So Isaac wanted all the kids to play 1, 2, 3 so he asked Michelle if she knew how to play.  She confidently told him she did.  But started up a conversation with another “classmate”, avoiding Isaac all together.  But this story is really just a pointless tangent.  I just wanted to include a link to our newest favorite ghost story.

 

I’ve been contemplating something lately.  Is it okay to let your children be afraid?  Is it okay to be afraid yourself?

Growing up, fear was not really an option.  It’s not that we weren’t allowed to be afraid or express our fear of something, but my parents did a good job of explaining away those fears.  My dad raised us on scary movies.  It was his impression that if a scary movie didn’t have blood or violence (or adult situations) it was fine for kids to watch.  So we grew up watching Alfred Hitchcock movies and the like.  As a kid, my favorite movie was Poltergeist.  I even remember watching IT on TV.  It was on TV so it was safe, right?  It scared the crap out of me but I loved it!

Until my older sister, Laura, started reenacting it with my stuffed clown doll.  We shared a room and had bunk beds.  I can just remember going to bed at night and looking for that dumb clown doll.  When it was missing, I knew I’d see it again soon.  I’d wait eyes peeled in suspense for when it would show up again.  Usually it would appear as if it was floating down from the top bunk, saying something awful like, “They all float up here, Emily!”

There was one movie in particular that I had to watch over and over until I was finally brave enough to finish it around the age of 12.  The Changeling is one of my dad’s favorite ghost stories.  It’s a great movie!  It’s very quotable.  At least every person in my extended family would know exactly how to say such simple words as “my father” and make a chill go up your spine.  And the music is excellent!  Now that I’ve taken my family members on a trip down memory lane, I’ll continue with my real thoughts.

I just remember the few times I was afraid, my dad sat me down and explained away my fears.  When I was afraid of a thunderstorm, he would tell me it’s just like God is bowling.  Isn’t that fun, to imagine that God is bowling up in Heaven?  He’d say, “you like rock music, don’t you?  It’s loud and always has good drums.  You’re not afraid of drums are you?  Don’t be afraid of thunder just because it’s loud.”  And he was right.  To this day, thunder is one of my favorite things to listen to.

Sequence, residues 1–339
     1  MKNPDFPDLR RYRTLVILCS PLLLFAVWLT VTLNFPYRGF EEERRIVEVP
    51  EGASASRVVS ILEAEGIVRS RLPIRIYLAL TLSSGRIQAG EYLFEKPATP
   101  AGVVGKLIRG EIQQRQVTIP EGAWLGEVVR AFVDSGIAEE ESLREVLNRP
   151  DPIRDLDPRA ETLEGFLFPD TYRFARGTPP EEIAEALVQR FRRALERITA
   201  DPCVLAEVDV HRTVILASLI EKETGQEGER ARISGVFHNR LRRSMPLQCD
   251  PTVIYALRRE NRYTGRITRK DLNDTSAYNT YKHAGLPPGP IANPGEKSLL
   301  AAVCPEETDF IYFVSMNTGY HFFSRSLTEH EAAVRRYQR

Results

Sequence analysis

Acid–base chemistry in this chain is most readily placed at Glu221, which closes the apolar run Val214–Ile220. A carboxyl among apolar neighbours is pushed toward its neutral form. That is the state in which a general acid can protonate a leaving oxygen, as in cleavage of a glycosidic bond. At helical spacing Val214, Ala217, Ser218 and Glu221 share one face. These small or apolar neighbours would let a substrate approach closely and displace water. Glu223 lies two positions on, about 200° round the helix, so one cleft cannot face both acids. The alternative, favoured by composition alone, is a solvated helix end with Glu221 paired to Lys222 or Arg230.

I remember a very specific moment when we decided to go to Six Flags and test out the new Ninja ride.  I loved roller coasters as a kid but I had never been on a ride that had loops; that actually took me upside down.  So I was stoked to ride it.  I was so excited up until the point that we pulled into the parking lot.  I started crying.  I remember Dad saying that it was safe.  It had to be safe or they’d never put it in an amusement park.  There was nothing to worry about.  I’m sure he even explained the physics of what happens when the coaster goes through those loops.  I got my courage and rode the coaster.  I’m sure I had a headache afterwords because that is the worst ride in the park, but it was fun and I’m glad I did it.

I’ve always been proud to say that there really is nothing I’m afraid of.  Until I had kids.  Then the thought of losing a kid, or even screwing them up became my big fears.  So, will I screw up my kids if I refuse to let them be afraid of anything?  I feel like I turned out okay.  I’m not too hard of a person, am I?

My dad still has the same philosophy about scary movies.  One of Isaac’s first Halloweens, we came to DnA’s (Doug and Angie, a pet name the Kirkland kids use for our parents) to trick or treat.  While my mom filled my kids with sugar (apparently, that’s every grandmother’s civil duty), my dad introduced Isaac to Poltergeist.  I was talking with Kayleigh and Brian as they got dressed and ready for their evening when I realized what Isaac was watching.  My dad commenced to tell me that when you explain to a child what to expect in the next scary scene, it is no longer scary to them.  Here’s how the conversation went down.